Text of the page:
ELECTION COVERAGE: MPP Jones proud of PC plan to cut 100,000 jobs

May 21, 2014   ·   0 Comments

Despite strong push back from Ontarians, Dufferin-Caledon MPP Sylvia Jones is standing behind her boss, Tim Hudak and his plan to cut 100,000 public sector jobs in Ontario should the Conservatives be elected to Provincial Parliament June 12th. “I am proud that our leader is willing to have an honest conversation with the people of Ontario about the state of our finances,” the MPP wrote in an email interview. The Conservative election ploy may be risky for voters who feel it could drive the province back into recession in the face of continued layoffs, as well as rising gas, food and electricity prices.

Cutting good paying, middle class jobs is likely to be a tough sell for the incumbent MPP on the campaign trail and at public debates in the coming weeks. Jones is currently serving her second term as Dufferin-Caledon’s representative in Provincial Parliament. Elected to the Ontario Legislature in 2007, she now serves as the Progressive Conservative Caucus Chair.

Raised on a farm with her six brothers in Tay Township, near Midland in Simcoe County, Jones says she learned the importance of community service from her parents who were active in the Red Cross, United Church and the Agricultural Society. “As you can imagine, in a family of nine, we cover the spectrum of political views,” says Jones. “Engaging in political subjects was not a taboo subject growing up, in fact the debate and discussions were encouraged.”

Jones earned a diploma in Radio Broadcasting and moved to Dufferin-Caledon in 1987 to work at a new radio station, DC103. It was while working there that she was approached by then MPP, Conservative David Tilson, to work with him. “I am grateful for the opportunity David gave me,” says Jones, “because it allowed me to start learning more about how government works, and how individual MPP’s can and do make a difference for the communities they serve.”

Jones and her husband David Gilles have lived in Orangeville for over 25 years and have two children. “My husband also comes from a very involved family,” she points out, “so we have always understood the importance and value of giving back to the community that has given us so many opportunities to succeed. I hope we are able to instil those values to our two children. Dufferin-Caledon is a wonderful place to live and raise your family. We need to make sure that when our children grow up Ontario is as prosperous a place for them to live, work and raise a family in as it has been for us.”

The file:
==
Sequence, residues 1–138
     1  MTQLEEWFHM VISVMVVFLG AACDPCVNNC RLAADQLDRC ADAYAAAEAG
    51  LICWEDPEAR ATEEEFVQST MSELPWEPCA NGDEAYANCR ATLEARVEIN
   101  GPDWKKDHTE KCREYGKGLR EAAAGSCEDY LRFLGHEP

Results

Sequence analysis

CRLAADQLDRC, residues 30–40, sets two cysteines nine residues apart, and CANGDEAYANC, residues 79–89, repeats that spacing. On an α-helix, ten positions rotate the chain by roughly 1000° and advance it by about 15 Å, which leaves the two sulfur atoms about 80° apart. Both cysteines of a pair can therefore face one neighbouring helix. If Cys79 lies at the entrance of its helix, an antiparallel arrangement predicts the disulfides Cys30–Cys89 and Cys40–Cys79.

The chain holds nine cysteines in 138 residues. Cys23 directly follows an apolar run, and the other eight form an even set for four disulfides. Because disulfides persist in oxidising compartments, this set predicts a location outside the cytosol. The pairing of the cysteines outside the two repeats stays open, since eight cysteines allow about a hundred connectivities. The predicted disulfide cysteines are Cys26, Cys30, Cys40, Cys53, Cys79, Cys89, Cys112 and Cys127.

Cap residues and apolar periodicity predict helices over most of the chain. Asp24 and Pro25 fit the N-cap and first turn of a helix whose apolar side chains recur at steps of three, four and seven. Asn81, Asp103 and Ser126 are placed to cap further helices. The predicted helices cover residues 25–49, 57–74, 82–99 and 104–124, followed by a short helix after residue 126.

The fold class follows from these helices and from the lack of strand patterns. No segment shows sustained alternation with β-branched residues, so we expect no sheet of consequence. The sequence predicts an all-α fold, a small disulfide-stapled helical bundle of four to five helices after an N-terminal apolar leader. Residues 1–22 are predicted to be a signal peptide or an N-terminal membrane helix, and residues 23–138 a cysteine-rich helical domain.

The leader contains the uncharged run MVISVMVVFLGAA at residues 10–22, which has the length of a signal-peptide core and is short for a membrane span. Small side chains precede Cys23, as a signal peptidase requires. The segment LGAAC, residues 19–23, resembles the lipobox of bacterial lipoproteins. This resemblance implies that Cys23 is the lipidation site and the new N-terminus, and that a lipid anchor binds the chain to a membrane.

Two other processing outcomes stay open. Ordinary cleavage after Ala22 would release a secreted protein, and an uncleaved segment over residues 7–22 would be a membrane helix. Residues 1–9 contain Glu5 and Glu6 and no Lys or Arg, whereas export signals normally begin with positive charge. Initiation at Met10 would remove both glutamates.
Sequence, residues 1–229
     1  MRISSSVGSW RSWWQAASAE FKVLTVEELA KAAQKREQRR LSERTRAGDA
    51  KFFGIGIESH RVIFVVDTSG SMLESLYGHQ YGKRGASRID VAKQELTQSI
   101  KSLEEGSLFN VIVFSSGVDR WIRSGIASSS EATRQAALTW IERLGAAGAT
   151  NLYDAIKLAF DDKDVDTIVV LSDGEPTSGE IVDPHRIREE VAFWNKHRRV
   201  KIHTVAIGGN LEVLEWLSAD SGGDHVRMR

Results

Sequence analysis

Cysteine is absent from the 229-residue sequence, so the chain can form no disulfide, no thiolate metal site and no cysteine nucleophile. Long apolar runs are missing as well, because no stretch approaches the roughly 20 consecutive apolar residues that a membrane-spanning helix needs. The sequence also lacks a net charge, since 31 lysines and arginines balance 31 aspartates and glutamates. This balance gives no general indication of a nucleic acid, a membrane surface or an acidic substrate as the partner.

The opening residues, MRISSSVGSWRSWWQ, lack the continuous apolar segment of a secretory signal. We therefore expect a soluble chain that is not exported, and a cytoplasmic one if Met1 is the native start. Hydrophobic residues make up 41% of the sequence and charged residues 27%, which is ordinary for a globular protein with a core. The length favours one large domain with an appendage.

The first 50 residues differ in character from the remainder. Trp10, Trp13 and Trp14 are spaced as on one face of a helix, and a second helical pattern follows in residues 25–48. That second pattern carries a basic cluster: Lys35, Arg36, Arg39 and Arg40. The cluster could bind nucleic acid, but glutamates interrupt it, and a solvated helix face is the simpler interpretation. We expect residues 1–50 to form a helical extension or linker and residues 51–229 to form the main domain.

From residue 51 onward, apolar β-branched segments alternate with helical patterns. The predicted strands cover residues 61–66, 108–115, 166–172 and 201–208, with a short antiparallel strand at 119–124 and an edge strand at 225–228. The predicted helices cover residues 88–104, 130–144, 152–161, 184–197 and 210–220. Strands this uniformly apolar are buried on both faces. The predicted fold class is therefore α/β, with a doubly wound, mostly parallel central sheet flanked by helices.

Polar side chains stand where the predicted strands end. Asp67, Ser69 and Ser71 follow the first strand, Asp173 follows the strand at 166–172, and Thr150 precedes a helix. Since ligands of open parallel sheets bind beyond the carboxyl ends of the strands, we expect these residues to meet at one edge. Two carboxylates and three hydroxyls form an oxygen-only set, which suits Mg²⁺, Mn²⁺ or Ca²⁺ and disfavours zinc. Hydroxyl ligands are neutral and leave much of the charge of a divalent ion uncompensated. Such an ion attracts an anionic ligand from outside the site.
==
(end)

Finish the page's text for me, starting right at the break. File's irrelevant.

As the incumbent in a riding that has voted almost categorically Conservative since 1987, Sylvia Jones begins the election race with a strong advantage. When asked to describe her biggest challenge in this is election, Ms. Jones responded, “I hear from people a frustration that government is too big to make a substantive difference in their lives. I understand their frustration. I believe that when Government gets so large, and has too many priorities, it loses focus and ends up having no priorities.” Her response receives full marks as a definition of Conservatism, but it seems more likely that Jones’ biggest challenge on the election trail will come from voices of descent. Food and Water First land owners, food producers, and supporters numbering in the thousands, dissatisfied with the MPP’s role as a committee member for the Review of the Aggregate Resources Act (ARA), in the wake of the Mega Mine battle, are throwing their full support behind the Green Party. Carl Cossack, Chair of the North Dufferin Agricultural and Community Taskforce (NDACT) says of the ARA Review, “When the Aggregate Resources Act Review was announced we were elated that our MPP was on that very important committee…after their report was tabled nothing had changed for Dufferin, or Ontario, to protect class 1 farmland and source water regions, the same application filed by the Highland Companies could be filed again tomorrow.”

Jones admits, “Aggregate development can always be a contentious issue. Government projects however, account for approximately 60 percent of all aggregate consumption in Ontario.” Her private member’s bill, Bill 56, the Aggregate Recycling Promotion Act, aimed to stop the exclusion of recycled aggregates from public construction which drives the demand for more pits and quarries. It received wide spread support, but Jones says, “Liberals refused to allow MPPs to vote on the bill.”

Electorates will get a chance to see Dufferin-Caledon candidates, including MPP Jones, debate the issues in Shelburne at Glenbrook Elementary School on May 29th at 7pm. MPP Jones reminds voters that elections are “the time that people can make a difference. Engage your friends and families in the issues and get involved. I guarantee it; you will feel differently about your community if you do.” To read more about MPP Jones and what she is doing in the Legislature visit

By Marni Walsh



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